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FRANTIC THEATRE COMPANY - HISTORY

FOUNDED IN 1990, FRANTIC STARTED AS A THEATRE COMPANY DEDICATED TO NEW WRITING
but after a couple of exciting critical successes on the fringe (The Story of Finbar, and The Great Escape) that didn’t lead on to any further glory - and also after one critically unsuccessful avant garde experiment at the ICA (Possible Worlds) - we started in 1992-3 to devise little passionate ‘entertainments’ which pooled our resources (we had very mixed backgrounds of writing, directing, straight acting, performing in rocks bands, folk bands, stand-up & revue comedy, contemporary and classical dance) and which could be performed literally anywhere, from street theatre to day centres, and effectively gave us something to do while new plays were being written that would change the world and make us rich and famous!

After a year or two of perfecting this highly satisfying, mostly 'outreach' work to people normally excluded from live professional theatre (often people with serious health & mental health problems), we realised that this form of theatre was in fact our calling, our vocation, we were good at it, passionate about it - and yes, we'd still write full length plays and put them on but we didn't want to have to worry about each play making or breaking us. And also when we did do that we'd rather do it for arts sake than relentlessly searching for a new audience for each new play that often ends up potentially compromising the work itself (if the definition of a modern artist is one who can artfully write their own business plan and fit all the funding categories then we were a bit more romantic than that in our approach anyway).

However, we'd always had the notion of performing plays or 'entertainments' in peoples houses or other odd places from the start, and had heard of inspiring examples of where this intimate type of theatre has kept people going in times of historical duress (e.g. the Rhapsodic Theatre in Nazi-occupied Poland - illegally performing Polish classic plays in people's front rooms, endangering players' and audiences' lives by doing so). Although our slapstick comedy and musical melting pot is not as revolutionary or dangerous to life and limb as that, we feel too that we are preserving, re-interpreting and, crucially, handing on, cultural ideas which are necessary, inspiring, and don't get much of a look-in in other forms such as on TV or in the West End.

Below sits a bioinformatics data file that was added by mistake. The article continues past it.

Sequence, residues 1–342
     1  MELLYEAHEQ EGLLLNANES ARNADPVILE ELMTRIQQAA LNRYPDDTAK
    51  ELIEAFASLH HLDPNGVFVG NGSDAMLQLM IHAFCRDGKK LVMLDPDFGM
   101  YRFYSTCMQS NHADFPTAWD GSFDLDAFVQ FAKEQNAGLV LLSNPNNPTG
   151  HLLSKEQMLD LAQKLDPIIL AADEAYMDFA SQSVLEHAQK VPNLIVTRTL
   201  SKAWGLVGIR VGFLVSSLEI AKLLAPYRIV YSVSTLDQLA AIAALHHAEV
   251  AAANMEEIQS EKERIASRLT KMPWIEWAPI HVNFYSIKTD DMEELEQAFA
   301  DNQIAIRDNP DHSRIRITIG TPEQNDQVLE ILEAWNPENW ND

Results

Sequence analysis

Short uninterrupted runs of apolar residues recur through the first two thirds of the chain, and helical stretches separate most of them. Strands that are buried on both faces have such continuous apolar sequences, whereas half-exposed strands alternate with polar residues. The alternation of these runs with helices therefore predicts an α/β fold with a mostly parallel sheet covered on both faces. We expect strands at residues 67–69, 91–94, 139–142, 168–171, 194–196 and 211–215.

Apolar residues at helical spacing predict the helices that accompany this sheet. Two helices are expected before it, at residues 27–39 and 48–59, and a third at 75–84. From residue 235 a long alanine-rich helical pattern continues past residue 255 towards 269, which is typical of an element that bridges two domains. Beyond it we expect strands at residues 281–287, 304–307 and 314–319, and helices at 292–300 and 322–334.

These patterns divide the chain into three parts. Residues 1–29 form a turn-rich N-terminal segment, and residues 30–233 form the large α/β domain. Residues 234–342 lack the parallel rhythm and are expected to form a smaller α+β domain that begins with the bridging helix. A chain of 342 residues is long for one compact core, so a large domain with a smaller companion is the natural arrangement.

If culture is the key to survival of all good, beautiful and true ideas then the huge, unprecedented burgeoning of musical comic songs in particular in Britain from 1850-1950 (loosely known as the era of the Music Hall) deserves to be kept alive, handed on for future use and simply enjoyed for what it is. It also provides the interpretative key to much modern theatre and comedy, and we enjoy exploring and exploiting the common ground between all these forms whilst adding our 'own' touches for good measure (poetry, classical music, folk music, etc).

Nearly 10,000 performances later we have also mastered the arts of performing, touring, teaching our methodology to fellow performers, fusing our own genre - 'new-time music hall', and generally spreading the word about how a live performance, particularly musical theatre, performed with grace, truth, humility, intelligence and good taste, is a thousand times more enriching, real and necessary than a whole year's worth of staring at a television screen. We visit all parts of the UK and Ireland, spending a week in each geographic area (see our touring areas) with a new show every six months


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